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Annie Hayes

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CBI spread fear of ‘redundancy’ reform

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Employers’ organisation the CBI are said to be ‘appalled’ at the EU’s proposals to reform redundancy laws which may mean that companies can only dismiss staff when bankrupt.

The European Commission sets out its social policy agenda for the next five years today.

Of all the 33 initiatives tabled, the CBI say that the ‘redundancy’ proposals are most ‘damaging’.

CBI Director General Sir Digby Jones commented:

“Restructuring must be seen as positive. It is a means to further growth and development. It keeps Europeans in work by enabling their companies to find ways of fighting off competition from the low cost economies of India and China.”

Diby-Jones said the proposals would strangle businesses and ‘put jobs at risk rather than protect’ them:

“Redundancy can be distressing for the individuals affected but genuine job security doesn’t come from legislation it comes from a flexible economy, quality skills and creating an environment where there are new jobs coming on stream.”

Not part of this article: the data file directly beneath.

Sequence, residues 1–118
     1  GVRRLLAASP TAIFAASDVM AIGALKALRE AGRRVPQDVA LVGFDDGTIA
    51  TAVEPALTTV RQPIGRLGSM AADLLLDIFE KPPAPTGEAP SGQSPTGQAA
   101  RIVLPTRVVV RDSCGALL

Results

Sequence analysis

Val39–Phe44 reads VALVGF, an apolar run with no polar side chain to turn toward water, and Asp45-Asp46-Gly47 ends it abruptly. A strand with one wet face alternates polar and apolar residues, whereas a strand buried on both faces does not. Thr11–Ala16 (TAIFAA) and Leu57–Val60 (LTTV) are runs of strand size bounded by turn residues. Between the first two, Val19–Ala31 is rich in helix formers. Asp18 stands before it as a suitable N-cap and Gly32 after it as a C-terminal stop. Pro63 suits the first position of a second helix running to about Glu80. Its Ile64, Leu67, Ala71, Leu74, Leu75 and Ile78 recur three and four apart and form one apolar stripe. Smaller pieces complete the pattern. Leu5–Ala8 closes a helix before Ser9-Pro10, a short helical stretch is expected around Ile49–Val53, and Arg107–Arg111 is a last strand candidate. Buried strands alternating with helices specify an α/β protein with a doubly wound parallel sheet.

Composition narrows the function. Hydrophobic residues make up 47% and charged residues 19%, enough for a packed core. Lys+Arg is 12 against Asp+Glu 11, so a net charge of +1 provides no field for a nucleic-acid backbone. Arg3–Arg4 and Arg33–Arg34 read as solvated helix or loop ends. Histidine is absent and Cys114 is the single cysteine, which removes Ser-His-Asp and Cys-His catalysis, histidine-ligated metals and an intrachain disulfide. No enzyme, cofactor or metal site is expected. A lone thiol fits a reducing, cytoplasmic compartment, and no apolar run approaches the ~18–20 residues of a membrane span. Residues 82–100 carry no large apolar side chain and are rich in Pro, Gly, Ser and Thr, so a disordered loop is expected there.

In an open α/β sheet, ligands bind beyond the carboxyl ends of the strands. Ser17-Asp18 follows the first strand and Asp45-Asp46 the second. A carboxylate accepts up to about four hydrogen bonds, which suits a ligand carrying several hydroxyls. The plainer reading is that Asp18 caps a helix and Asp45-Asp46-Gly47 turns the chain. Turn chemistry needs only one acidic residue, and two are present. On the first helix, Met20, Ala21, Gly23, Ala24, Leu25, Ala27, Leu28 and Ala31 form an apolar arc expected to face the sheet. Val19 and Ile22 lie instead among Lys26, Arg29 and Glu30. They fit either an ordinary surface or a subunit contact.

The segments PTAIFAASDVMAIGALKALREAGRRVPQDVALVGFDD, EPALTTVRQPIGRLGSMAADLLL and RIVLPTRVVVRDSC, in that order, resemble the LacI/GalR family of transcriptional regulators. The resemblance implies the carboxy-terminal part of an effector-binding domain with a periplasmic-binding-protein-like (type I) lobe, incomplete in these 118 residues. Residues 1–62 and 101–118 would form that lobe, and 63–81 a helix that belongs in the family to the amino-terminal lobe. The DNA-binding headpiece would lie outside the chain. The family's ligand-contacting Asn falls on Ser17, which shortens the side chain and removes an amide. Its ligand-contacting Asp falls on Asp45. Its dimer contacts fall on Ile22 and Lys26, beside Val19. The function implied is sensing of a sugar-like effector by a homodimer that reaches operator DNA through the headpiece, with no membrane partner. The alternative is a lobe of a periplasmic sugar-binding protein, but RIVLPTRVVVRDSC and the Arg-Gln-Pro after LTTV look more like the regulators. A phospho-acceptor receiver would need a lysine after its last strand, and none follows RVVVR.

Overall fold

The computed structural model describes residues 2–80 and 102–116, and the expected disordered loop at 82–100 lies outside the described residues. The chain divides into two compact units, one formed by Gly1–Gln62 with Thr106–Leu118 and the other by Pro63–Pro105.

The CBI point to the UK’s favourable labour market as a benchmark:

“The UK has the most flexible labour market in Europe and one of the lowest rates of unemployment. That is no coincidence.”

Redundancy, they say is not only a result of financial crisis but can be a means of creating a more entrepreneurial culture a viewpoint they believe has been overlooked.

Other EU proposals include:

<ul

  • Further slow down restructuring at a national and European level by extending EU-wide worker consultation rules when two or more EU countries are involved.
  • Level up equality legislation in areas where the UK already has more than adequate legislation and a good track record.
  • Influence the setting of minimum wage levels across Europe, undermining domestic economic objectives.
  • Encouraging EU-wide collective bargaining

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    Annie Hayes

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